I have been trying to write again about dysgraphia for a while now, but it has been hard. I wanted to come back to it, because my youngest child has it, and it is nothing like what it was like with my oldest. My oldest had the “classic” version I had seen as an OT. Horrible handwriting, weak hand strength, poor fine-motor coordination, and of course bad spelling and spacing. I’ve written a lot about that journey with dysgraphia.

The One-Two Punch

On the other hand, my youngest has beautiful handwriting while doing copy work. Her fine-motor skills and hand strength are amazing and she colors, draws, sews, and crafts for fun. But she still has dysgraphia. And in her case, it is more profound because she also has dyslexia.

Dyslexia and dysgraphia together are a whole world apart from dysgraphia alone. At one point, we had worked on copy work and cursive so much that my youngest could copy entire paragraphs in cursive. It was beautiful to behold. But she couldn’t read a word of it. And that made this activity which I usually believe is an excellent learning activity completely worthless. It doesn’t matter how neatly you can write if you can’t read it back to yourself.

Recognizing It For What It Is

But how do I know it isn’t just dyslexia and is a form of dysgraphia? I understand if you are asking that question now. The honest answer is that we did educational testing on her to learn more about what was going on. But the better answer is that I have learned that there are at least five kinds of dysgraphia.

Like every form of dysgraphia, my child’s brain forgets how some letters are made. Questions like “Which way does the J face again?” come up a lot for those with dysgraphia. Honestly, J might be the most reversed letter in the alphabet overall, but that’s neither here nor there.

My youngest has a form of dysgraphia that affects her ability to hold words, phrases, and sentences in her head and put them on paper. It isn’t just about individual letters, like some forms of dysgraphia. She actually struggles to tell me sentences to write down for her. Put on the spot that we are going to write a story, her mind appears to go blank. This is strange because she can hold a conversation just fine. She has a great vocabulary and understands anything you might discuss with her. But the moment we need to put words on paper, we have a problem.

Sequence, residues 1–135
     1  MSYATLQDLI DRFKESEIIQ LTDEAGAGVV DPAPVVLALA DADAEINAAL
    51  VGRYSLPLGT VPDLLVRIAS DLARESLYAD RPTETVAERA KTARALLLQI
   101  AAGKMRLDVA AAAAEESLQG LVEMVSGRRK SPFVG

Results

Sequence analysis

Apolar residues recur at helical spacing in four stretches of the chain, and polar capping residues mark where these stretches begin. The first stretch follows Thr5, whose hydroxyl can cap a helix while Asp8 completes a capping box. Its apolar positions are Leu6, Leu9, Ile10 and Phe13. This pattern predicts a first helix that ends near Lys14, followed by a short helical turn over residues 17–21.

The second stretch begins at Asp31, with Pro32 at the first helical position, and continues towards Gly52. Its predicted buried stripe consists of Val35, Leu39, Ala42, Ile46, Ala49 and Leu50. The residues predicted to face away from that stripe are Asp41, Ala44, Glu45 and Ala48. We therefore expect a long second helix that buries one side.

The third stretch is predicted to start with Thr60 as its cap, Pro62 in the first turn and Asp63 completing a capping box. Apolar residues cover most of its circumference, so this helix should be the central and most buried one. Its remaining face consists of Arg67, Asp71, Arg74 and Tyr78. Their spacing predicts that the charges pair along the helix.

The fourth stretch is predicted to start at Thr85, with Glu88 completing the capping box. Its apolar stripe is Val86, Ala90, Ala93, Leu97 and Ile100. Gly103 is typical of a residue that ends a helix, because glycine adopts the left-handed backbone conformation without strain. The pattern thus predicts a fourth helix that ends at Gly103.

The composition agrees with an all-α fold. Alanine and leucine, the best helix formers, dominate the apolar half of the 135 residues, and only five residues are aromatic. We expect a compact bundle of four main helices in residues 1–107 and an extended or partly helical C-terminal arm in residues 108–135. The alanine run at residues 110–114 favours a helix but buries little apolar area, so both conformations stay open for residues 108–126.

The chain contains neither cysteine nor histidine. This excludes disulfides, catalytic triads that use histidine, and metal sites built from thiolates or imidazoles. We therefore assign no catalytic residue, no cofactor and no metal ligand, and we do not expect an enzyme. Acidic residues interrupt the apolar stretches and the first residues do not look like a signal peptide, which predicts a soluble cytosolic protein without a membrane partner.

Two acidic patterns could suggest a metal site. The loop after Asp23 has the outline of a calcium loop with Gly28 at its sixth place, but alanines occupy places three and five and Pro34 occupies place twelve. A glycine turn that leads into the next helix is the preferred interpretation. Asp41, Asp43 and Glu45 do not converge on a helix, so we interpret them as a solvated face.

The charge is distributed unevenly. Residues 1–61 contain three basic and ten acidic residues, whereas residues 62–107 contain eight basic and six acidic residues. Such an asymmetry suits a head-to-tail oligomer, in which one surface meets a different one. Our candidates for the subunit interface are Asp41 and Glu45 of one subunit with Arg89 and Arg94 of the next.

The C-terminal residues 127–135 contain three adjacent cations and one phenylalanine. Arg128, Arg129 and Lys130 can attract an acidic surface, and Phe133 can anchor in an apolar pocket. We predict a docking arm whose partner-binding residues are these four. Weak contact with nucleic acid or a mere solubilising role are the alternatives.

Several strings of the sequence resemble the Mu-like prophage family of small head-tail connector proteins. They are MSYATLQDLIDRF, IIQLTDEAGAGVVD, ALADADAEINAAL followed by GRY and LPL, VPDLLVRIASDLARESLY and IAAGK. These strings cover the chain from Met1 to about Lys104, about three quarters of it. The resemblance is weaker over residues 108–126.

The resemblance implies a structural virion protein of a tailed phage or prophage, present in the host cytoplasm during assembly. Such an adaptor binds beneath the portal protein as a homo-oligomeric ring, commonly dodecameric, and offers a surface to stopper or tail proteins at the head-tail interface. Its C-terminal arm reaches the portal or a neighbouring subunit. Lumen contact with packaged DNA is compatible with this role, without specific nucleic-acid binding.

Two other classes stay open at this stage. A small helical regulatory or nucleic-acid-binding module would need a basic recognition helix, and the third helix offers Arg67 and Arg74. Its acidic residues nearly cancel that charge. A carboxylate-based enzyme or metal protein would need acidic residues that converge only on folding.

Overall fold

Forging a New Path

What we are doing now to address her struggles is a combination of things. We have pushed ahead with an Orton-Gillingham reading program that focuses a lot on phonics and is proven to help those with dyslexia learn to read. Because other methods just weren’t working. We have also added an Orton-Gillingham spelling program to our daily work. We are working at a lower level in spelling than reading. This is because I believe she needs to be able to read what she writes to get the benefits of writing anything.

We are also working on dictation more than copy work. Given the chance to do copy work, my child’s brain will skip the reading step and just copy the lines and shapes of the letters, the way you or I might copy a drawing of a stick figure. Instead, I recite short sentences made of words she knows how to spell. Her goal is to remember the sentence and write it down. This is a critical step in learning to write your own thoughts. You need to be able to think of a sentence, hold it in your head, and then write it down. For now, we are skipping the step where she thinks of the sentence, and instead, I think of one for her. Eventually, we will work on her telling me a sentence she wants to write and having me repeat it while she writes it.

Making It Work

If you try this with your own child, I recommend starting with very short easy sentences or phrases. “I fell flat.” or “He has a cat.” Start your child off with only needing to remember a few words they know how to spell and repeat them as many times as they need to hear them. Gradually, work on repeating the phrase fewer times while they are writing. And once they are doing well with that, you can add more words or longer words. Remember to not use words your child has no clue how to spell or read. Words you have gone over in reading and spelling with them will lead to more success.

One of the most important things when working with a child who struggles is to find ways for them to be successful at what they are struggling with. That doesn’t mean you need to make everything easy. But it is okay if some things are easy. It is okay if you go slow and make things more challenging only when your child is actually ready to be challenged.

Is your child struggling with dyslexia and dysgraphia? Let me know in the comments and tell us what has worked for you.

P.S. The method that worked for teaching my dyslexic, and dysgraphic child their letters can be found in my Foundations and Fundamentals program. Hopefully, someday, I will be able to use our experience to write a follow-up program.

About the Author

Laura Sowdon, OTR/L is an occupational therapist, writer, speaker, educator and creator of the Five Senses Literature Lessons homeschool curriculum. She has worked as an occupational therapist with children in public and private schools, as well as private practice. Laura has taught and managed homeschool co-ops as well as homeschooling her own three children. Laura is dedicated to the idea of educating children at a pace that aligns with brain and physical development milestones and respects neurodiversity in all its forms.

1 thought on “Dysgraphia with Dyslexia”

  1. Tania

    This is excellent information! It validates the dictation work I’ve been doing with my daughter.

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